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Why children with diabetes are at risk for disordered eating


Patients with diabetes are at risk for developing inappropriate relationships with food, according to new research, highlighting the need for healthcare providers to provide more psychosocial support to this population.

Patients with diabetes are at risk for developing inappropriate relationships with food, according to new research, highlighting the need for healthcare providers to provide more psychosocial support to this population.

Disordered eating is a general term used to describe a variety of inappropriate eating behaviors to lose weight, according to Angel Siu-ying Nip, MD, a fellow in endocrinology and diabetes at the University of Washington, Seattle, and lead author of the new study that was presented as a poster session at the American Diabetes Association's 77th Scientific Sessions, held in San Diego, California, June 9 to 13, 2017.

Disordered eating occurs in about 30% of adult women with type 1 diabetes (T1D), and Yip says her team believes that children are also vulnerable because of the intense focus on weight control and food that is part of managing their diabetes.

Recommended: Why aren't teens seeking eating disorder treatment?

Researchers conducted the study using data from the SEARCH for Diabetes in Youth Study, which evaluated more than 2000 children and young adults with T1D and type 2 diabetes (T2D). Participants in the study completed the Diabetes Eating Problem Survey-Revised (DEPS-R) questionnaire with 16 diabetes-specific questions particular to children with T1D. Although the questions have not been validated in children with T2D, the researchers believe they are likely relevant in that population as well.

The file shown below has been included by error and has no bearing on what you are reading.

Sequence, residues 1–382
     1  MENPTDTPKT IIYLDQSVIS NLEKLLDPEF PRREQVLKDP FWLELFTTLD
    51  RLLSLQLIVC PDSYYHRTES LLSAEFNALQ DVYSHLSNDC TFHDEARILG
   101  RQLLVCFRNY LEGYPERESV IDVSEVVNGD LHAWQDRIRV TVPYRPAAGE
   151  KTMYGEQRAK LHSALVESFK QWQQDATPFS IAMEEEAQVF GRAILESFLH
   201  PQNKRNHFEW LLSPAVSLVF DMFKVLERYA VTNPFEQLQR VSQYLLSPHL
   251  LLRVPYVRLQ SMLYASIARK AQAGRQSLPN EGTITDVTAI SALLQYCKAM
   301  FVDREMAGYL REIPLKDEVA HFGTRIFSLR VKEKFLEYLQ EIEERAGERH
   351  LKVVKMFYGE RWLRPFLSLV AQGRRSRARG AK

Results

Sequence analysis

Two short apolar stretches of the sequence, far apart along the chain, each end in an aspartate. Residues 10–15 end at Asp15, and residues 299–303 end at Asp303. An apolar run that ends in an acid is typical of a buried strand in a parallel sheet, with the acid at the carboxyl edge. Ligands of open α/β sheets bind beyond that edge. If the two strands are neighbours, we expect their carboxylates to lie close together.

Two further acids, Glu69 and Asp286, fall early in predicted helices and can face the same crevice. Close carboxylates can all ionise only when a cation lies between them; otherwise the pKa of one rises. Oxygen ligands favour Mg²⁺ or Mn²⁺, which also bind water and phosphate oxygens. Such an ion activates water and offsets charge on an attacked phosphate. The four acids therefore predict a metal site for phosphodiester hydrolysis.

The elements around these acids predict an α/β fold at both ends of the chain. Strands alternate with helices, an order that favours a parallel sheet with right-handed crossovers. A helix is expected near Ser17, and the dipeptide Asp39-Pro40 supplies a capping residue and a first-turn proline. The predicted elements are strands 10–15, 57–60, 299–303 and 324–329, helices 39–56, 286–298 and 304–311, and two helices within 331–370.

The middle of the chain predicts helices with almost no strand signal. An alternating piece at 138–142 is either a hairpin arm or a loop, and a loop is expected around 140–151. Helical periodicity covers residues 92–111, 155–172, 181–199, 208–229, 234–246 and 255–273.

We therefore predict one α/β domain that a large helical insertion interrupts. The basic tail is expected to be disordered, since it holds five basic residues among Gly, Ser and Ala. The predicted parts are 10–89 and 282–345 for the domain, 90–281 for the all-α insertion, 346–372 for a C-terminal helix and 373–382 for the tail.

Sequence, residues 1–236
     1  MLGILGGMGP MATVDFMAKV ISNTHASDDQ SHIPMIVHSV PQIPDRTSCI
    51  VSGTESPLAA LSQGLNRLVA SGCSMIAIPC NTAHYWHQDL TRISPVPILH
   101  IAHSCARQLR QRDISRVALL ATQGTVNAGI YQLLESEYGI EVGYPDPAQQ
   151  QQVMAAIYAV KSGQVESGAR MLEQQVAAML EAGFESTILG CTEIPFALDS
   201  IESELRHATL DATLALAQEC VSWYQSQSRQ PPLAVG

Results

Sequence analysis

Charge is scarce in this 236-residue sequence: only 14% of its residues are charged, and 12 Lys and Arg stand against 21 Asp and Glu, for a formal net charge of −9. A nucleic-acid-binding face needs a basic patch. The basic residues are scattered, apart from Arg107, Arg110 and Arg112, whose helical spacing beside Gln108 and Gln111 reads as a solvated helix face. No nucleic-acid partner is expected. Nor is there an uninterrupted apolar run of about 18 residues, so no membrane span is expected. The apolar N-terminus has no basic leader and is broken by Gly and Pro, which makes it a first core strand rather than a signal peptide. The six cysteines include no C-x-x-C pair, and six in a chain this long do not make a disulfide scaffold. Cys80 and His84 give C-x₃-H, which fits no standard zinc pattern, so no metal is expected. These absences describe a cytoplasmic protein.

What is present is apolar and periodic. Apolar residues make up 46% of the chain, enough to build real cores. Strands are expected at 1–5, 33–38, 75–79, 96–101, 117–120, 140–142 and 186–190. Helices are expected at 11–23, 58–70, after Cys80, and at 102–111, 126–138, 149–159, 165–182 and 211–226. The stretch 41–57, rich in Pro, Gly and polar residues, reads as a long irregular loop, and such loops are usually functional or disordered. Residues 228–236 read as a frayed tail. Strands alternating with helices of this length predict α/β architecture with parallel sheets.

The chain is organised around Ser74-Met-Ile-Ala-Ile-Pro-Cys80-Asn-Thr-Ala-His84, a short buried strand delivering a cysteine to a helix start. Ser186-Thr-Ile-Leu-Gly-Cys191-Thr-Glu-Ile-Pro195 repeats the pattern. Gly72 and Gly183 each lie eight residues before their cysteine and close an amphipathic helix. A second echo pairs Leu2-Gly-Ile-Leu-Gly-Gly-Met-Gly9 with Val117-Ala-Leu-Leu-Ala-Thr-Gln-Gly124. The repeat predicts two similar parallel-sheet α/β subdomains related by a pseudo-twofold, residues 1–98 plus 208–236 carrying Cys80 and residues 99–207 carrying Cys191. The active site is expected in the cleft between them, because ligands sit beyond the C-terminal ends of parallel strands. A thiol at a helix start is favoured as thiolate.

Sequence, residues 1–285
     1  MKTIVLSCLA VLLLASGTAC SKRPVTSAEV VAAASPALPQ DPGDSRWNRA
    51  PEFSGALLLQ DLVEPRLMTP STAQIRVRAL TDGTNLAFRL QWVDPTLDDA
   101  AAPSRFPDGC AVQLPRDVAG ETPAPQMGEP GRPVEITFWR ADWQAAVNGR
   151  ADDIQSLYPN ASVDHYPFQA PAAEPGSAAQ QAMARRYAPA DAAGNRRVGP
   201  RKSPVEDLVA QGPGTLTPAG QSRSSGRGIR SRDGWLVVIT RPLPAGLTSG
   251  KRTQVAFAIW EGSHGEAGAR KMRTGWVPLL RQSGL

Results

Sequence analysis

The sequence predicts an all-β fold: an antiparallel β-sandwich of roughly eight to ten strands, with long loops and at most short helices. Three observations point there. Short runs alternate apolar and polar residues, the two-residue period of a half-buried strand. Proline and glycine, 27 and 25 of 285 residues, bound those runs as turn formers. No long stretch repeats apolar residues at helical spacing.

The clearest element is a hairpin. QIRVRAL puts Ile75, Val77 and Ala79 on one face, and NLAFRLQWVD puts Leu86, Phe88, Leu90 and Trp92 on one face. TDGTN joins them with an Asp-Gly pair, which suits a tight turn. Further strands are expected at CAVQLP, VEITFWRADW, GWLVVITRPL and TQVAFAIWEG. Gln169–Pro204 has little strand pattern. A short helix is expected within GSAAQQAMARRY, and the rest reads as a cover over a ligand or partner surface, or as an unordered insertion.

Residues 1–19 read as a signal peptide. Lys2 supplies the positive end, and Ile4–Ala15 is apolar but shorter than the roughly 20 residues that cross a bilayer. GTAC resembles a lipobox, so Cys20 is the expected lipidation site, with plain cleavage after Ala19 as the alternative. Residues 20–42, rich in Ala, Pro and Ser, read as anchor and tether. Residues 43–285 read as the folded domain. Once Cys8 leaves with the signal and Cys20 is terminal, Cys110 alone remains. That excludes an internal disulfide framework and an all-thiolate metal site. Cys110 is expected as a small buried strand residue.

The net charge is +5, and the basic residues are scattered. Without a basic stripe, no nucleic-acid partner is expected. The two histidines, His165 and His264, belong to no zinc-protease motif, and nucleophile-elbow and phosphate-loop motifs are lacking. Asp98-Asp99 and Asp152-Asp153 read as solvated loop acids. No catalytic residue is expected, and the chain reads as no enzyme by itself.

"Disordered eating behavior is common among youth and young adults with [T1D] and [T28/1/17] and is associated with significant health consequences. Twenty-one percent of patients with [T1D] and up to 50% of patients with [T2D] have issues of disordered eating behaviors," Nip says. "A high index of suspicion of the presence of maladaptive behaviors, particularly among those with persistent poor metabolic control, is key. It is important to start screening at early adolescence and develop collaborative and effective interventions for youth and young adults with disordered eating behaviors."

There are a host of concurrent issues that go along with a diabetes diagnosis, including problems that can impact health outcomes and quality of life. Disordered eating, depression, and anxiety are just a few examples, and these are the focus of a new position statement and standards of care document created by the American Diabetes Association. The new documents focus on providing additional education to healthcare providers on how to support patients with diabetes. The documents were presented alongside Nip's study and another study supporting the need for additional psychosocial support at the American Diabetes Association's 77th Scientific Sessions.